"If indeed the fish will be the last to discover water, perhaps we can help ourselves by looking at some other species"
How do infants communicate? How do children’s communicative and underlying cognitive skills develop? How similar and different are children’s communicative skills to those of other social animals? How can intelligent behaviours in non-human animals inform the field of artificial intelligence? Which ecological, social and endocrinological factors shaped the evolution of sophisticated communicative skills?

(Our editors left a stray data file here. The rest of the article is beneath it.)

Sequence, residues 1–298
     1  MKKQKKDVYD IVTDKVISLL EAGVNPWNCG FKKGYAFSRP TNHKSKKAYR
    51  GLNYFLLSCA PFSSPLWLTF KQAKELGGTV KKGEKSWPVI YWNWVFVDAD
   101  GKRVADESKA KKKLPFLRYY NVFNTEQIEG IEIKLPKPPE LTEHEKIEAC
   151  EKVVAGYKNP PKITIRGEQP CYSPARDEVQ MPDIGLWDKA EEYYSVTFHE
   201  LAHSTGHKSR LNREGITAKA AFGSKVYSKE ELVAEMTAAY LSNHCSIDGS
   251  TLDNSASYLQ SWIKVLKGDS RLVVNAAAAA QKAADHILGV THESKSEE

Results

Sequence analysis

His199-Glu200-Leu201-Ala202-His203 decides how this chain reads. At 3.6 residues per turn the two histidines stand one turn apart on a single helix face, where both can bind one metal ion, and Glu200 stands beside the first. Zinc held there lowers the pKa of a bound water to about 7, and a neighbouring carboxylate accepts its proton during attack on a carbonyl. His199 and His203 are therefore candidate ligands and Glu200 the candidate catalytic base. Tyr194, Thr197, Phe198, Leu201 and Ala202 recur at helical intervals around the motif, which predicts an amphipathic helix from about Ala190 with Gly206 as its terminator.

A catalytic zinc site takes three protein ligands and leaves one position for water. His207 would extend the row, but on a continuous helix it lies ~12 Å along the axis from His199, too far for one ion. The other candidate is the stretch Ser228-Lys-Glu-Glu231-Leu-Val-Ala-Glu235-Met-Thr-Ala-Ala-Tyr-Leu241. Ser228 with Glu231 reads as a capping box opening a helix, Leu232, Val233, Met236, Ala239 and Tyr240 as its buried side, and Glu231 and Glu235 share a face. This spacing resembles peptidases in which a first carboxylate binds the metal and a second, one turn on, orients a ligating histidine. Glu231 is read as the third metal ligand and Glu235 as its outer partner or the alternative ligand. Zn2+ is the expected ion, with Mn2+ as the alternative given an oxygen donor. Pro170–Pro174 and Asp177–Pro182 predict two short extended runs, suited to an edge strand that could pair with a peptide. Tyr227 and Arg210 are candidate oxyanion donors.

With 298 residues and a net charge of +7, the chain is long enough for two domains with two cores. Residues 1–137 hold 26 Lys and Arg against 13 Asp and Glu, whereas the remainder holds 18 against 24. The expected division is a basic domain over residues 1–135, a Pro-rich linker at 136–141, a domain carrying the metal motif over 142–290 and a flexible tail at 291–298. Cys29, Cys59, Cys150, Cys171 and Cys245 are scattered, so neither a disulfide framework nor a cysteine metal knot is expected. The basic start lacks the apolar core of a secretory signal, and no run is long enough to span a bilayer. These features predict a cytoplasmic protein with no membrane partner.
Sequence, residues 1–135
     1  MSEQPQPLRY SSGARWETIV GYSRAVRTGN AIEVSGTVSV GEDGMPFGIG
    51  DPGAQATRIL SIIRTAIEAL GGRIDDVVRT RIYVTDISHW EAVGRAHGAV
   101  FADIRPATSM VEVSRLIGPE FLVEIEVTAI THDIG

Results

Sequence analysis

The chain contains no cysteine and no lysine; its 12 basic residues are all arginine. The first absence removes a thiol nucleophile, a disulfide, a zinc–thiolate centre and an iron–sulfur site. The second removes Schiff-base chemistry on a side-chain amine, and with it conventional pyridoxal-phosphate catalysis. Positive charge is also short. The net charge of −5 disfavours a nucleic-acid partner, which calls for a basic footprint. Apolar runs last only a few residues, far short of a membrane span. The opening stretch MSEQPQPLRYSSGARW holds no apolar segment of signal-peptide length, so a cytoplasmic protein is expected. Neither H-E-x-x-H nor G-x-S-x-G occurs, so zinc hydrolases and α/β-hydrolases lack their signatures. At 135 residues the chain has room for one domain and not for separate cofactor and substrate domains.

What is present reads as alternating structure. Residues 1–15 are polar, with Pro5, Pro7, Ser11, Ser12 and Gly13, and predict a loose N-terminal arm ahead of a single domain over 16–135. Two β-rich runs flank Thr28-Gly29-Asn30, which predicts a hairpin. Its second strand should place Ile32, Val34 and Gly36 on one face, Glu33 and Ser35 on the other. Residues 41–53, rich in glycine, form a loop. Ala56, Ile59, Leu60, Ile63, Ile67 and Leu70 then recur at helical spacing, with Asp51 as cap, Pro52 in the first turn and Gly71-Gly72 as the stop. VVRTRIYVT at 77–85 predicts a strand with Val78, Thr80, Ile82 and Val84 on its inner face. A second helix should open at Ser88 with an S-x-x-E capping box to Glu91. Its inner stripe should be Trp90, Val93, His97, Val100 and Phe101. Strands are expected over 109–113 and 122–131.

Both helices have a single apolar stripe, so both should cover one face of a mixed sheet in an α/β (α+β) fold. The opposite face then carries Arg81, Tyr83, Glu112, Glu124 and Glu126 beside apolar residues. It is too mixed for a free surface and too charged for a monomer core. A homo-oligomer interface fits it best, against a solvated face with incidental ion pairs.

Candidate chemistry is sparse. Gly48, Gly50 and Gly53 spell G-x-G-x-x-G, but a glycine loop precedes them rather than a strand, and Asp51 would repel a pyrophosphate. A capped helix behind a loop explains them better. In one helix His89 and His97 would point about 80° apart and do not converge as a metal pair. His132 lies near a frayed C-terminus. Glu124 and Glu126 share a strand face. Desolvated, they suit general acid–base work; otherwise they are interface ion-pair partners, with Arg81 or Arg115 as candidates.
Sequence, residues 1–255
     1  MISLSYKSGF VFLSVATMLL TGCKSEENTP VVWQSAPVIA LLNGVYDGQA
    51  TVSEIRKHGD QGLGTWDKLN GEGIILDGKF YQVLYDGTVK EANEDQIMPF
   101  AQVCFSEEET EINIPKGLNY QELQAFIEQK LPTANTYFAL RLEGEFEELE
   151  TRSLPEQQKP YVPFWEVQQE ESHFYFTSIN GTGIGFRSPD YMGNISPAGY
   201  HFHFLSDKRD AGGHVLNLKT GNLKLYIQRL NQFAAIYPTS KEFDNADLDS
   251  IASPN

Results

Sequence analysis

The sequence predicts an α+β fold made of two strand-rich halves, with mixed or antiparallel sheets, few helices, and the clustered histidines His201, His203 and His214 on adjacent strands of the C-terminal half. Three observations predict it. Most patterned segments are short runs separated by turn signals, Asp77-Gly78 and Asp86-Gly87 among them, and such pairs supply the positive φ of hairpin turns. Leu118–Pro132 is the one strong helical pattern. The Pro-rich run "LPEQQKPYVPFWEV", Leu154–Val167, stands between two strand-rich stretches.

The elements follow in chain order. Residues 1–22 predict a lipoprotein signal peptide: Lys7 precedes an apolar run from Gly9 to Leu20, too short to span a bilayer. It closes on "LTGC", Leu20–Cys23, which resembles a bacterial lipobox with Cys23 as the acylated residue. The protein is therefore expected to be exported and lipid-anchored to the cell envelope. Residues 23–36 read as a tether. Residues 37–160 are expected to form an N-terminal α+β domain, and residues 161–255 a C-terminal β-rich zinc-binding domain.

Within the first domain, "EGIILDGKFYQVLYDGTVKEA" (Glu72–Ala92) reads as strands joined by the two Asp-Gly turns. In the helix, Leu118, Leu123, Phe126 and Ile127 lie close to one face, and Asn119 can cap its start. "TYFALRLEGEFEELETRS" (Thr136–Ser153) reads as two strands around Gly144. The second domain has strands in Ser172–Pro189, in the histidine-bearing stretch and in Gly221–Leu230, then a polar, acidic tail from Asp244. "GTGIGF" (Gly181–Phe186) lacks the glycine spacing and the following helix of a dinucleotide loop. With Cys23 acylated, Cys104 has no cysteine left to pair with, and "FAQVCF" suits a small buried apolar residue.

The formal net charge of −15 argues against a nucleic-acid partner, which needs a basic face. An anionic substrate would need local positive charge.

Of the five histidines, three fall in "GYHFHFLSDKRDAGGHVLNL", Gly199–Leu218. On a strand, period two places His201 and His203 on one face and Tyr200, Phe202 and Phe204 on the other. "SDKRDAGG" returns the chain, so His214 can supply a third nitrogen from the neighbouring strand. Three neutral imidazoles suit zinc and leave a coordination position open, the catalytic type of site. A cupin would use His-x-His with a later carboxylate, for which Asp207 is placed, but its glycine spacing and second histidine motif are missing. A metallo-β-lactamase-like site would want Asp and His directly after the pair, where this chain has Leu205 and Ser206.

These and many other questions are addressed at the Osnabrück Research Group for Comparative BioCognition (CBC).
To achieve this purpose, we explore different model systems:
- Normally developing children between 0 and 6 years of age,
- Our closest living relatives, bonobos (Pan paniscus) and chimpanzees (Pan troglodytes),
- Distantly related primate species: Sooty mangabeys (Cercocebus atys) and Common marmosets (Callithrix jacchus),
- Corvids: Ravens (Corvus corax), magpies (Pica pica), and Azure-winged magpies (Cyanopica cyanus).